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ARCATA FWO: Working Hard for Butterfly Habitat
California-Nevada Offices , April 5, 2014
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The amazing Scotch broom pullers! L to R: Kelsey Kuhn, Christine Damiani, Autumn Hudgens (front), Liisa Schmoele, Gretchen Ziegler, Daniel Mintz, and Dave Imper.
The amazing Scotch broom pullers! L to R: Kelsey Kuhn, Christine Damiani, Autumn Hudgens (front), Liisa Schmoele, Gretchen Ziegler, Daniel Mintz, and Dave Imper. - Photo Credit: USFWS
The small (but mighty) Autumn Hudgens demonstrating the proper technique for removing Scotch broom with her kid-sized weed wrench.
The small (but mighty) Autumn Hudgens demonstrating the proper technique for removing Scotch broom with her kid-sized weed wrench. - Photo Credit: USFWS
After: southern meadow.
After: southern meadow. - Photo Credit: USFWS
Before: southern meadow. The yellow flowers are Scotch broom.
Before: southern meadow. The yellow flowers are Scotch broom. - Photo Credit: USFWS

The violets that caterpillars of the Oregon silverspot butterfly feed on were in full bloom on Saturday, April 5 near Lake Earl in northwestern California. At the same time, volunteers were in full swing removing invasive Scotch broom from silverspot habitat down the road.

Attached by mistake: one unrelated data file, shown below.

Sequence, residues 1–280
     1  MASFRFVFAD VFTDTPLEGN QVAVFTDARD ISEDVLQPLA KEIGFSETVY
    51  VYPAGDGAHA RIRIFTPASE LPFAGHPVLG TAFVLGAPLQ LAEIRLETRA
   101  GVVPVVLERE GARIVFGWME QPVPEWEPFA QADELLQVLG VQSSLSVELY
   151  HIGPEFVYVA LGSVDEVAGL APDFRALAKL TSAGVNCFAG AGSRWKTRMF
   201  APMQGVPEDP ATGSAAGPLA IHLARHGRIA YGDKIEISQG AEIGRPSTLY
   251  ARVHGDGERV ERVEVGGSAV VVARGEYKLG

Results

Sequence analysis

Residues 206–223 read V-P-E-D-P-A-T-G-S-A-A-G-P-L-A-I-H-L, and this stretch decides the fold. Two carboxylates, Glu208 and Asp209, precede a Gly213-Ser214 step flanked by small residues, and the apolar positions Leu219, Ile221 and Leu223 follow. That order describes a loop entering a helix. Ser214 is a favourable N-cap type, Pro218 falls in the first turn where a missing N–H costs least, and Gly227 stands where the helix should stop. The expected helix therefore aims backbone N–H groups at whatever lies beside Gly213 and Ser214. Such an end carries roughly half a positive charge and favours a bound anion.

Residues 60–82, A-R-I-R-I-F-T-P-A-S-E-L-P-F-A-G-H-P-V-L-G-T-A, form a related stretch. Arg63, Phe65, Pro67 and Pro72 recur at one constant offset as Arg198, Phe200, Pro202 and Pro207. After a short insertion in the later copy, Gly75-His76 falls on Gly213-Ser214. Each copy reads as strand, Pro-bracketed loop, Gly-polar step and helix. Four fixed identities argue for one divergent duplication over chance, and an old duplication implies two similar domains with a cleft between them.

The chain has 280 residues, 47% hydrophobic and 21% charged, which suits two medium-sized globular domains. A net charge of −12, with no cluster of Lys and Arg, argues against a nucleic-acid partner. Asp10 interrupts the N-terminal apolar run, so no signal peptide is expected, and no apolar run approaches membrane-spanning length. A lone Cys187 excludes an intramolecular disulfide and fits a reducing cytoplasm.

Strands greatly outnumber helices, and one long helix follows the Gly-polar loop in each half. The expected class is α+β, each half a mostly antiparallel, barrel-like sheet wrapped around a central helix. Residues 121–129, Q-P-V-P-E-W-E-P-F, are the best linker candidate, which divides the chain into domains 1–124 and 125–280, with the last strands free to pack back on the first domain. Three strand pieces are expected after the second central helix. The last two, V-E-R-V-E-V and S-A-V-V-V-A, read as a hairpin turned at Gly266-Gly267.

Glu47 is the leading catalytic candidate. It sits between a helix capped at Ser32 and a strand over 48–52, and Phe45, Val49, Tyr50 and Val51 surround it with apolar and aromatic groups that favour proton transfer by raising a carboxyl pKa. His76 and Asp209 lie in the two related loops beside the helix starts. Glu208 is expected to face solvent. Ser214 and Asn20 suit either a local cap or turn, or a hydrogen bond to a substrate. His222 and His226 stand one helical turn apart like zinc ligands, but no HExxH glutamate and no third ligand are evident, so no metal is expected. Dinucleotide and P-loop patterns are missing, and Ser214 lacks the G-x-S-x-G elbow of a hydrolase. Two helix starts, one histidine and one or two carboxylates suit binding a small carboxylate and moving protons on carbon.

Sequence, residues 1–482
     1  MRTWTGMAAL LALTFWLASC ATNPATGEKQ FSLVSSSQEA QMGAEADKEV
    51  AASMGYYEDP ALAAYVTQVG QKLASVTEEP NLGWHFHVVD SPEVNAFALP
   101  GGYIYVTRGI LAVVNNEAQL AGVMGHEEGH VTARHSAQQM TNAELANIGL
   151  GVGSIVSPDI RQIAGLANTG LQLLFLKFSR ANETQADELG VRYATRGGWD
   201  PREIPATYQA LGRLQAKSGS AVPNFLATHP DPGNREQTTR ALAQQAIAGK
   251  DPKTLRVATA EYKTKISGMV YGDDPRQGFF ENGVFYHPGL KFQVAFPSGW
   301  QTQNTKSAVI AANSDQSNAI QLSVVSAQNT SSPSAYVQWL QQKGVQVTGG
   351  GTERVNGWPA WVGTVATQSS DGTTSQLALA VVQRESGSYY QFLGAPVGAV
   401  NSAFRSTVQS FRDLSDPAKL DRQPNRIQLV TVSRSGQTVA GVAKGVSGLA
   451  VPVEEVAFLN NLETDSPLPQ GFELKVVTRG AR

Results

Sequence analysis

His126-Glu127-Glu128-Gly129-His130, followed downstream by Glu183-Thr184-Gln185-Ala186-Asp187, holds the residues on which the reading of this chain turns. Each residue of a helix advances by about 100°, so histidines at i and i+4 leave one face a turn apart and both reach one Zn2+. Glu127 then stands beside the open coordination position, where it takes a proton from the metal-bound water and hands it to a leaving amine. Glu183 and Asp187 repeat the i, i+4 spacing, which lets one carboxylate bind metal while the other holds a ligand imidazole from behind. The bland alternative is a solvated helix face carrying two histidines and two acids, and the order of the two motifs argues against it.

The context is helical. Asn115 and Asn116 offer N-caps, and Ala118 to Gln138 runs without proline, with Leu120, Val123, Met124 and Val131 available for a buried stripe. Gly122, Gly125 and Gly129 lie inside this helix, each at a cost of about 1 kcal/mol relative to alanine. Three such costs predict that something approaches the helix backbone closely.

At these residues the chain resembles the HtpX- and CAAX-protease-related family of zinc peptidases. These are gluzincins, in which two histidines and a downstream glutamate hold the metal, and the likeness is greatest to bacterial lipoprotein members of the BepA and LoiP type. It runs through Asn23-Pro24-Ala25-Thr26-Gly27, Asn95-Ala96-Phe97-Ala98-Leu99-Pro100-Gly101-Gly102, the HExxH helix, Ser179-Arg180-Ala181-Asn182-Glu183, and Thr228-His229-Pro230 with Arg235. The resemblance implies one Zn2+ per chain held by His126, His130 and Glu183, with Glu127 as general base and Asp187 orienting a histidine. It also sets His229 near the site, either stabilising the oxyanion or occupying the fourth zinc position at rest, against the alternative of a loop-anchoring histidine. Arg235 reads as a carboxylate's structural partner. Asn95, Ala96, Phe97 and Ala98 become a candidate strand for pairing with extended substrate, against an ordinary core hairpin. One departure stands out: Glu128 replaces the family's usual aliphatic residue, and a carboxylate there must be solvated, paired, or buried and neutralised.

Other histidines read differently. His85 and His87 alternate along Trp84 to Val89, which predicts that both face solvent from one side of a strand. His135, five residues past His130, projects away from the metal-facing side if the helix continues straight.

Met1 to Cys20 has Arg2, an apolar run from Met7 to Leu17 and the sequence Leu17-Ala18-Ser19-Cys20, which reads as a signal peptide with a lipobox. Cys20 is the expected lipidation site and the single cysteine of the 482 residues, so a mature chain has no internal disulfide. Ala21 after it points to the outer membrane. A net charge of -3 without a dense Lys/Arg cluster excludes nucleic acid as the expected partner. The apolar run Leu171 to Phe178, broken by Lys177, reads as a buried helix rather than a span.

Gary Falxa and Liisa Schmoele from the U.S. Fish and Wildlife Service's Arcata Fish and Wildlife Office organized a work day with Eureka’s Sequoia Park Zoo staff and friends to help improve habitat for the federally-threatened butterfly. The Oregon silverspot butterfly inhabits coastal prairies along the northern California and Oregon coasts, which (like habitat for so many species) is unfortunately being encroached upon by an invasive species.

This small group of volunteers was able to put a major dent in the leading edge of the Scotch broom invasion, opening up space for native grasses and forbs to recolonize. Using weed wrenches and equipment supplied by the local Bureau of Land Management Office and California Department of Fish and Wildlife, the group filled an industrial-sized dumpster with Scotch broom. The Arcata FWO is hopeful that this is the first of many broom removal work days to be held in conjunction with the Sequoia Park Zoo and local conservation groups.


Contact Info: Liisa Schmoele, (707) 822-7201, liisa_schmoele@fws.gov



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